NAPA, Calif. — It’s as if they drove the old beater into a car lot and traded up for something new and shiny, more than modestly fast and with enough grip to handle the tightest of corners at a generous speed.
Derek Carr has just one job now.
Don’t crash the dang thing.
The Raiders followed a forgettable 4-12 season in 2018 by upgrading those bodies around their franchise quarterback, whether it be the behemoths in front of him or elite skill to his outside.
It means the onus falls on Carr to, in his sixth NFL season, take advantage of such additions and ensure an offense that ranked an unspectacular 23rd last year produces at a much higher level.
For this, some have termed the impending season make or break for Carr.
Shouldn’t that be Vegas or bust?
In the spirit of the town his team will call home in 2020, odds favor Carr still running things offensively when the Las Vegas era kicks off — he was a broken ankle away from possibly being named league MVP in 2016 and threw for a career-best 4,049 yards last season while playing behind an injured and makeshift line and with few weapons to contribute.
But even in a league where most starting quarterbacks are treated as precious gems by those who employ them, Carr plays for both a head coach (Jon Gruden) and general manager (Mike Mayock) who inherited the former Fresno State star and his massive contract, which runs through 2022 at a base salary of nearly $20 million annually.
They also provided within the offseason names such as Antonio Brown and Tyrell Williams and Josh Jacobs and Trent Brown and Richie Incognito to aid in potentially returning Carr to a level that led him to financial stability.
“Same every year, man, I’m the same way every year,” Carr said. “The fact that we added (pieces), my mindset hasn’t changed … It is what it is. It’s the NFL. We have to win this year. Nobody cares about what’s after this. We have to win now.
“There’s never been a time in my life where I took the field and thought we were going to lose. Never … We want to turn around and win 16 games just like everybody in camp right now. Last to first. That’s everyone’s goal.”
You can’t overstate the importance of a Carr-Antonio Brown relationship working on the field, because if there is one thing (other than injury) that could derail the offense, it’s the most electric of new faces becoming unhappy or disenchanted with the person delivering him the ball after so much success with Ben Roethlisberger doing to the same in Pittsburgh for nine years.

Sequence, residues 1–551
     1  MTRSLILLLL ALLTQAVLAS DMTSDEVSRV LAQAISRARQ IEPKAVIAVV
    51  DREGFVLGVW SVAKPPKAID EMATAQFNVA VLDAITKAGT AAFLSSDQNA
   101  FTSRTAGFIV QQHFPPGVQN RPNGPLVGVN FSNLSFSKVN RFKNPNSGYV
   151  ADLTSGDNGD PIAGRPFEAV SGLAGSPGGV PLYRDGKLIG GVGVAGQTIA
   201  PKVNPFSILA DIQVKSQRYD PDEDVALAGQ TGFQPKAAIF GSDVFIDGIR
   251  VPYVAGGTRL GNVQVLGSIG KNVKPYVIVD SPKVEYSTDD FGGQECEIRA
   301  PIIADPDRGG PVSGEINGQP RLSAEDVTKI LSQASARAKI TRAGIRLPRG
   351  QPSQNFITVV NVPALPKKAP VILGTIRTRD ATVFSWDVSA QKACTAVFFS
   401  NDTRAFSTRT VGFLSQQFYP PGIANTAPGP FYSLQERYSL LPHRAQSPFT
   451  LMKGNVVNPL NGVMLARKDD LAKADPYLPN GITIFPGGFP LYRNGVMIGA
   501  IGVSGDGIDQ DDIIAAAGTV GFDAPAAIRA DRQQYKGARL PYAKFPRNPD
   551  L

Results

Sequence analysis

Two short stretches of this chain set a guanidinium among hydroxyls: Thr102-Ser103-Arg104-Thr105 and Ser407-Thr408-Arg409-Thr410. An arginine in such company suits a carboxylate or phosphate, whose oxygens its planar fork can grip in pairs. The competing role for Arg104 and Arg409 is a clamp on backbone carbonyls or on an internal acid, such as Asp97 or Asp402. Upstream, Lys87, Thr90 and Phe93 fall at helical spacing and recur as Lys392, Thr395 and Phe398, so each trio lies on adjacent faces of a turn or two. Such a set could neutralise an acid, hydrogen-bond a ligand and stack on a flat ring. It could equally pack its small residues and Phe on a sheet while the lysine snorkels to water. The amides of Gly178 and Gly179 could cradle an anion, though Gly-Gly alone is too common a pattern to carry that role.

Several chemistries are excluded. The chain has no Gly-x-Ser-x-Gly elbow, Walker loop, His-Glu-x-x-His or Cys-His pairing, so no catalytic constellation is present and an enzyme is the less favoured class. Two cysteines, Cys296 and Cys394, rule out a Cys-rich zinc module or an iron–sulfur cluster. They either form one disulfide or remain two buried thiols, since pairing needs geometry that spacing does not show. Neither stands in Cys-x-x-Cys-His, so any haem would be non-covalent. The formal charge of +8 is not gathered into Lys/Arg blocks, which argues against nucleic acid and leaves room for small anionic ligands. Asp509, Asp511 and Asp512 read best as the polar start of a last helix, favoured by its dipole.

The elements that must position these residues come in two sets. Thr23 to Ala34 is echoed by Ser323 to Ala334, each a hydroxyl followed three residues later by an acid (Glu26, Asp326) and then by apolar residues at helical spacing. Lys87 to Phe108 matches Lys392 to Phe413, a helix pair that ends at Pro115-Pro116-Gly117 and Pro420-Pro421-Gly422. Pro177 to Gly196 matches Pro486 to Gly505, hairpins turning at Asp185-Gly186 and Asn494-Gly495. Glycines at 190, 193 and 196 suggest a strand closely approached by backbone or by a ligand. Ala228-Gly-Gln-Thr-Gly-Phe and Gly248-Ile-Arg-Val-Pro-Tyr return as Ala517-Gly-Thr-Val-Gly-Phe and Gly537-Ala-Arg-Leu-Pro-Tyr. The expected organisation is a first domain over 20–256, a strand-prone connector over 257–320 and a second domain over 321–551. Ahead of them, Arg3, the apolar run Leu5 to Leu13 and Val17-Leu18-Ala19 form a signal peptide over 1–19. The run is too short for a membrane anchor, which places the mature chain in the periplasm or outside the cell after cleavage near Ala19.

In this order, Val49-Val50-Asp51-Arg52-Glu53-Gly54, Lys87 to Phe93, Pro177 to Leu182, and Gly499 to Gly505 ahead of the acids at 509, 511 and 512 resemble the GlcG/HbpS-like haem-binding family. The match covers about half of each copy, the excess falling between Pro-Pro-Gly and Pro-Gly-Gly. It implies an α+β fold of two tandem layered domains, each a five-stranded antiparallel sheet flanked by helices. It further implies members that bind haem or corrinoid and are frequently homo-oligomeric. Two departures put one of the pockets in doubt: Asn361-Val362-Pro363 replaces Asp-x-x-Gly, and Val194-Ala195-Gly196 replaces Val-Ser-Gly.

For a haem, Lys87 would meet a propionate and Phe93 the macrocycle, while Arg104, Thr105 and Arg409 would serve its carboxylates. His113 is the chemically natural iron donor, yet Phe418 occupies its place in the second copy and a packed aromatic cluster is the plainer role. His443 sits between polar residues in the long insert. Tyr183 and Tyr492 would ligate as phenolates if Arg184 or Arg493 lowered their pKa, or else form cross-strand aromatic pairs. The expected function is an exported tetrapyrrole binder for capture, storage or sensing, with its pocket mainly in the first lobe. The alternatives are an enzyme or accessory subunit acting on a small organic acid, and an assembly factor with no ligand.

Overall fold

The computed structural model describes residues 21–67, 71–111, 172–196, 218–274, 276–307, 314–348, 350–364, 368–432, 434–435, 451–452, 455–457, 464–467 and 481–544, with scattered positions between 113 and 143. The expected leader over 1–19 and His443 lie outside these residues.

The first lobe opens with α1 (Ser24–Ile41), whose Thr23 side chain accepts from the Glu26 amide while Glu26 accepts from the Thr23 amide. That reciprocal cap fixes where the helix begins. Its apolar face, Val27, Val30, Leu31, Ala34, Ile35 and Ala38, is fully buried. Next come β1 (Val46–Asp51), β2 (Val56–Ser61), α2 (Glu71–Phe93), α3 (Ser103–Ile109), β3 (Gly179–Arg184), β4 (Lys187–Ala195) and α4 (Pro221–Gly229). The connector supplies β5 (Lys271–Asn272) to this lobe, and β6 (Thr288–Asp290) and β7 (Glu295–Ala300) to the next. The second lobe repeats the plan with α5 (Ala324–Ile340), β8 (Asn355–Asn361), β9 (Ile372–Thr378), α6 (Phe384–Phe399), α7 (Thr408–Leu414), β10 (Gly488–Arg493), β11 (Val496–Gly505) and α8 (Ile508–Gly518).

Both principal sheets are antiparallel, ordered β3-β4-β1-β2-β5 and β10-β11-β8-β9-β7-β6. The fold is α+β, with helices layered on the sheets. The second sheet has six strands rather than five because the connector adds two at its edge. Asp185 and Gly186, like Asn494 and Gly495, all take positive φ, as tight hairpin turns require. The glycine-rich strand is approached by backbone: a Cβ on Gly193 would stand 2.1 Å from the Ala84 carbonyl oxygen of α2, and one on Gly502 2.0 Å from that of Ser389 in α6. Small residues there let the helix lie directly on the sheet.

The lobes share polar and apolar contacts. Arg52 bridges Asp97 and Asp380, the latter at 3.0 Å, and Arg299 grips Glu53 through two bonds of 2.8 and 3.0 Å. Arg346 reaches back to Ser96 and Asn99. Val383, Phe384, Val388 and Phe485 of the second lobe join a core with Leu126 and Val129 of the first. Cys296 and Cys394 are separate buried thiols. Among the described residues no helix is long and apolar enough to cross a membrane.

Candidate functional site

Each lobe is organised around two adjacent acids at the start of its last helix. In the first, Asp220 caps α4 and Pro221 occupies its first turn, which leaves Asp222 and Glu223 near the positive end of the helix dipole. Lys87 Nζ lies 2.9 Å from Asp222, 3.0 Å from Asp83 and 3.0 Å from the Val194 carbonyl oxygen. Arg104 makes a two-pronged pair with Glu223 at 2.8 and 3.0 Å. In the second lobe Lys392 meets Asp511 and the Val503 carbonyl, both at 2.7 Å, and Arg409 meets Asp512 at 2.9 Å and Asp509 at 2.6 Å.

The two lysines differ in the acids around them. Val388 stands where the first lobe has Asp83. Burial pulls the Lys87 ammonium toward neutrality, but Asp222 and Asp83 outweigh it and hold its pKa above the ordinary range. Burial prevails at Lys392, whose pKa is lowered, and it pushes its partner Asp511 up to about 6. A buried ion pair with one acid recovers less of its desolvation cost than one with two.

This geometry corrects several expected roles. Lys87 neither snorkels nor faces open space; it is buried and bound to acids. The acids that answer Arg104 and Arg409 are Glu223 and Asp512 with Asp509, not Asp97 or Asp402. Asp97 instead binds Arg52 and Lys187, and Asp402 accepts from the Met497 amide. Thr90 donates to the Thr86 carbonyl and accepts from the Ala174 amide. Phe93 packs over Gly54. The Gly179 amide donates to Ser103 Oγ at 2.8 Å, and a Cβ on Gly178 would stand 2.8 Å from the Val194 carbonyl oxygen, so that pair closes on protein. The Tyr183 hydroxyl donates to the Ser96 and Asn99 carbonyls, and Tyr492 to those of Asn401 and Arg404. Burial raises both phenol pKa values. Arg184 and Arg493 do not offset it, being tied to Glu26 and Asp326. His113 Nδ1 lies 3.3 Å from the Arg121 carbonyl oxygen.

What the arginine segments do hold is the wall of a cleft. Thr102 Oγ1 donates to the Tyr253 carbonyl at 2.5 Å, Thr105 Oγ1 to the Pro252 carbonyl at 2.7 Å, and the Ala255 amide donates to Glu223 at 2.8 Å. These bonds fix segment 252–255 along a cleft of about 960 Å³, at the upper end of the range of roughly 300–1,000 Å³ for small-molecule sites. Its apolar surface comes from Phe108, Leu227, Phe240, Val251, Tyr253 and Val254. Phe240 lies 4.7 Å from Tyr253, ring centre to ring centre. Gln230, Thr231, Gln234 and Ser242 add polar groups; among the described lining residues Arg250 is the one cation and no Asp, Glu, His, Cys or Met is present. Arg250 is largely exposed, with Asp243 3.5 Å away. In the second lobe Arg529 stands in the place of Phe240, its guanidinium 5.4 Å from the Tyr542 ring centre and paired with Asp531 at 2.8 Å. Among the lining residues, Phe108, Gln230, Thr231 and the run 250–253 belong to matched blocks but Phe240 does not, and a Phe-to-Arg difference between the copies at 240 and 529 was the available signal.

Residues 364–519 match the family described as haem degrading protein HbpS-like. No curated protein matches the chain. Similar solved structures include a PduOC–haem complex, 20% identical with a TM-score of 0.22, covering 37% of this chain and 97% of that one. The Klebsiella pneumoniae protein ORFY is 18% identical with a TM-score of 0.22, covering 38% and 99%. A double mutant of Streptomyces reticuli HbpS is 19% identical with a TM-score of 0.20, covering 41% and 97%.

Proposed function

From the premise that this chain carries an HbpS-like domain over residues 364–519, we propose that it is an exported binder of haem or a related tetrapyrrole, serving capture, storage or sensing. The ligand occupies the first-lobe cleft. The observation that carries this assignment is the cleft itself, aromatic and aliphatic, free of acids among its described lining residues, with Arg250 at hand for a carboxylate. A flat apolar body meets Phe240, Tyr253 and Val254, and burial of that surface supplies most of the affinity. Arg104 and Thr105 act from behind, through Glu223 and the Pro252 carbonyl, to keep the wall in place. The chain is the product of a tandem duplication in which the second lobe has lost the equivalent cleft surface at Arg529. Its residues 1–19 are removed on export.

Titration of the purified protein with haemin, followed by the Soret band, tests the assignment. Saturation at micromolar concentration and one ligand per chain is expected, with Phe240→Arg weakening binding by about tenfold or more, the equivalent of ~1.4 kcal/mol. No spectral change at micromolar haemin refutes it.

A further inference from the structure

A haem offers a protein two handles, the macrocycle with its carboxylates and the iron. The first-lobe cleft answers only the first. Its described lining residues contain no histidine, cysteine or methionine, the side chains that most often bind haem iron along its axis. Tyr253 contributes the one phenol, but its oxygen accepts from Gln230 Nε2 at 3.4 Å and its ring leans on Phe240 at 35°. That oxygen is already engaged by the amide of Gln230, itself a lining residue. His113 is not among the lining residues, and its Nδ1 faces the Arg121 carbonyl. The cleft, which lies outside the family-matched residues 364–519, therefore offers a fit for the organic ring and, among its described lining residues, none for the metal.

But it’s also true Carr produced a 93.9 quarterback rating in 2018 while playing behind two rookie tackles, one of which (Kolton Miller) hobbled through most of 16 games with a bad knee. The team’s best receiver (Amari Cooper) was traded to Dallas in October.
Things were pretty dysfunctional and not anywhere close to Carr’s doing.
Now, you have a report in The Athletic where over 50 anonymous coaches and executives ranked Carr the league’s 20th best quarterback, some questioning his toughness and whether he can handle Gruden’s demanding style over a period of years.
Said one coach: “(Carr) is sensitive and needs encouragement, and that is not the style he is going to get. When someone shows disappointment in him, he shrinks. (Gruden) not coming out and completely endorsing him has to be eating him alive.”
The latter is certainly subjective, because while comments from Mayock and Gruden often seem to include an unspoken message that Carr still very much exists in a prove-it-to-us mode, each has been overly complimentary of him.
Look, few things are scarier for a franchise than to walk away from, at this best, an above-averaged NFL quarterback without a sure thing to replace him.
Because those guys are really hard to come by.
“I thought Derek was unbelievable last year in some really tough situations,” Gruden said “He’s clearly established himself as not only an excellent quarterback, but a premier leader on this team … We are trying to get everybody up to his speed. His command is very good and his play-making has been outstanding.”
Which seems to indicate that unless Carr crashes the new car this season, he will be back behind its wheel in Las Vegas.
Contact columnist Ed Graney at firstname.lastname@example.org or 702-383-4618. He can be heard on “The Press Box,” ESPN Radio 100.9 FM and 1100 AM, from 7 a.m. to 10 a.m. Monday through Friday. Follow @edgraney on Twitter.